Scientists Discover Grass Species With Intriguing ‘Salt And Vinegar’ Chip Flavor

If I spot a blade of interesting-looking grass, my first inclination isn’t to wonder what it tastes like. But a group of researchers in Australia recently stumbled upon two new species of grass with a peculiar flavor that some liken to a favorite snacking combo: salt and vinegar chips.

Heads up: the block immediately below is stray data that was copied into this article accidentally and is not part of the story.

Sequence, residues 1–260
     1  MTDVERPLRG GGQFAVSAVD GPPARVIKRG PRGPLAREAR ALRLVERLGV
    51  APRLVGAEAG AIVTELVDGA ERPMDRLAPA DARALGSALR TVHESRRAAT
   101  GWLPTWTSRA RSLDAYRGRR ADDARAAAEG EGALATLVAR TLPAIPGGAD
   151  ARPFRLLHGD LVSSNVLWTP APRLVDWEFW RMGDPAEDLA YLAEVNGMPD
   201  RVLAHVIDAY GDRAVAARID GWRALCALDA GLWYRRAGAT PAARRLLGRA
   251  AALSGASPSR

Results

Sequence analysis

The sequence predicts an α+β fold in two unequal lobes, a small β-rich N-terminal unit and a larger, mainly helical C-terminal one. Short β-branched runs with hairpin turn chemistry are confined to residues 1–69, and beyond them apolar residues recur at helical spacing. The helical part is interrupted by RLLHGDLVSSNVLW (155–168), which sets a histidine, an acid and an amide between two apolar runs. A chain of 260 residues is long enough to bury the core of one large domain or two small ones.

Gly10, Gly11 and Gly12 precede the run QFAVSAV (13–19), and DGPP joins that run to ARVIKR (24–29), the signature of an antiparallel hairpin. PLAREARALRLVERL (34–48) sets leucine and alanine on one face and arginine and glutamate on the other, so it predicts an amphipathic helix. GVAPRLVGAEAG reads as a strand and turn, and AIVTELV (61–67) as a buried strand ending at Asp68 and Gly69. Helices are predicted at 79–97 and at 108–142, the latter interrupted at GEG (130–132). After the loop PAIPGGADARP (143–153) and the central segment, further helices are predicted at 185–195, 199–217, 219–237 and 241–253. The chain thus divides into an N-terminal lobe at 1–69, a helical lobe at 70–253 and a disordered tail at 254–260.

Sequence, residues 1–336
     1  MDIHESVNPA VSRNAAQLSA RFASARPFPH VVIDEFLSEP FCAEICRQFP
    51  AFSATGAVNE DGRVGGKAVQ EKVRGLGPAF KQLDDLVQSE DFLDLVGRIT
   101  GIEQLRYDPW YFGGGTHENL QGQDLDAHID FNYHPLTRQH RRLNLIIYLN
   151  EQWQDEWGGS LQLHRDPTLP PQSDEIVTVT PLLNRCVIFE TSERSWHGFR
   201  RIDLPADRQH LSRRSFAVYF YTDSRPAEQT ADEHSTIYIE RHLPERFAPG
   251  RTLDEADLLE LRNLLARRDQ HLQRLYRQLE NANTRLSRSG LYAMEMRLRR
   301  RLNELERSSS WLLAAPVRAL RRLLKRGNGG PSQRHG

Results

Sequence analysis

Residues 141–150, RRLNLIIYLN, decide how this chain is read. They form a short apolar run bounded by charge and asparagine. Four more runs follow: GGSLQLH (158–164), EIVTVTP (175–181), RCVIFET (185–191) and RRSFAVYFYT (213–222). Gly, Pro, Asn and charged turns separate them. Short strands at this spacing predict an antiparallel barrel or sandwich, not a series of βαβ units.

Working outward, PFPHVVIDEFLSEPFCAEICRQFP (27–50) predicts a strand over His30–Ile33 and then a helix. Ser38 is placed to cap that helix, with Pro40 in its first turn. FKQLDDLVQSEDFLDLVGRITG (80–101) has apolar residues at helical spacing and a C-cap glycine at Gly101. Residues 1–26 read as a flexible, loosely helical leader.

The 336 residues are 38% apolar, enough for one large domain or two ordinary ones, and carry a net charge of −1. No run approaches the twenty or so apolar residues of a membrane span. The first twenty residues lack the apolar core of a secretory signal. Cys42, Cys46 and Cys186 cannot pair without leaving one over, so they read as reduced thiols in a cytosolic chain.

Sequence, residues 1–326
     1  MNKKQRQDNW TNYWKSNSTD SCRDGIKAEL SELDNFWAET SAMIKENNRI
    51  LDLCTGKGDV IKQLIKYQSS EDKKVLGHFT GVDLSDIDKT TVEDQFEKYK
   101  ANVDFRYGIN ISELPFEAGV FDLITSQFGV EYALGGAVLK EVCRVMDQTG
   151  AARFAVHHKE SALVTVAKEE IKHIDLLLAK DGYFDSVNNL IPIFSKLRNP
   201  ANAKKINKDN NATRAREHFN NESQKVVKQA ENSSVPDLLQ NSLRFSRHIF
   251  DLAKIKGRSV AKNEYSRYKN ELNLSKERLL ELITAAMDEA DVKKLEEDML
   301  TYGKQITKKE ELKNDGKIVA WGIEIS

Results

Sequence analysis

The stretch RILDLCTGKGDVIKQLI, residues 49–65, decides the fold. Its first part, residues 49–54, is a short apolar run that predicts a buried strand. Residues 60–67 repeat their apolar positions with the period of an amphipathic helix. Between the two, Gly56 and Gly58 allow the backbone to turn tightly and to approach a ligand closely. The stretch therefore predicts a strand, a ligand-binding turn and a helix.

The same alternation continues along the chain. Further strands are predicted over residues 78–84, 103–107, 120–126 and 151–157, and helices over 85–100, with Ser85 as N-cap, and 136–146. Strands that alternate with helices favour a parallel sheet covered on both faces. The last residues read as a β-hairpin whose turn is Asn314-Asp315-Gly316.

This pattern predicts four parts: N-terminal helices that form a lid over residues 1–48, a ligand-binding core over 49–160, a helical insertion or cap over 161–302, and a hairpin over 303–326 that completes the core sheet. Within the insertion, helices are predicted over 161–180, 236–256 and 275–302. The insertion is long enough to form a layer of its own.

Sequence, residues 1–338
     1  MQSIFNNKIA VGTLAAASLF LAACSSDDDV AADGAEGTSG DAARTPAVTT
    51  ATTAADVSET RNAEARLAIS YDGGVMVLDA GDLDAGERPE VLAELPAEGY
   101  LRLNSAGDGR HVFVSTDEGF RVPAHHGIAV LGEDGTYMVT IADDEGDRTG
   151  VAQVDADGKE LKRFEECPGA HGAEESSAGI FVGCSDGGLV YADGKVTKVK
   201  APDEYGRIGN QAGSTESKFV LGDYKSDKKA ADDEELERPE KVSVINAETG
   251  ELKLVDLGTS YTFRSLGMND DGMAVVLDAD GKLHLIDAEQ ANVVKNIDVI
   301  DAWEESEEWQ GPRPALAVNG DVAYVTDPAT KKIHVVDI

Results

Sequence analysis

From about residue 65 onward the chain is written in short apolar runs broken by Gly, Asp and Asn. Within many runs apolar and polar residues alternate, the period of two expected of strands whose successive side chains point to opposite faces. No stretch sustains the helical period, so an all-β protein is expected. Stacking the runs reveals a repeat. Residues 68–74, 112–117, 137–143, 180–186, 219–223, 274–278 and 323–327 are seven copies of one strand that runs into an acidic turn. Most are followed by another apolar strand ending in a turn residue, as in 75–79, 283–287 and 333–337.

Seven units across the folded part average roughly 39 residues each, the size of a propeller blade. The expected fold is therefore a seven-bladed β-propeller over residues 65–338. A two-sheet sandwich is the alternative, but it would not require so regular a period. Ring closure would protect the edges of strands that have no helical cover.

“The taste, it’s different. It’s hard to sort of quantify,” says Benjamin Anderson, a plant biologist who recently graduated from the University of Western Australia and is the lead author on a paper that describes the new plants, which are part of a group known as Spinifex grasses. “I got a tangy sensation and taste.”Anderson and his colleagues were collecting specimens in the Pilbara, a dry and mountainous section of Western Australia, when they stumbled upon the new species. Spinifex grasses mostly grow in spikey humps called hummocks that resemble overgrown, green hedgehogs from far off. If they grow old enough, some spinifex humps will roll outwards to form what looks like a prickly, mouth-bleeding doughnut.The two new species don’t look all that different from their 70-some cousins, which crowd most of the Australian continent — except for a spray of glistening droplets around their leaves. “We saw it sparkling in the sunlight and just go — oh, that’s interesting,” Anderson says.But no — they didn’t think to munch on the grass just then.

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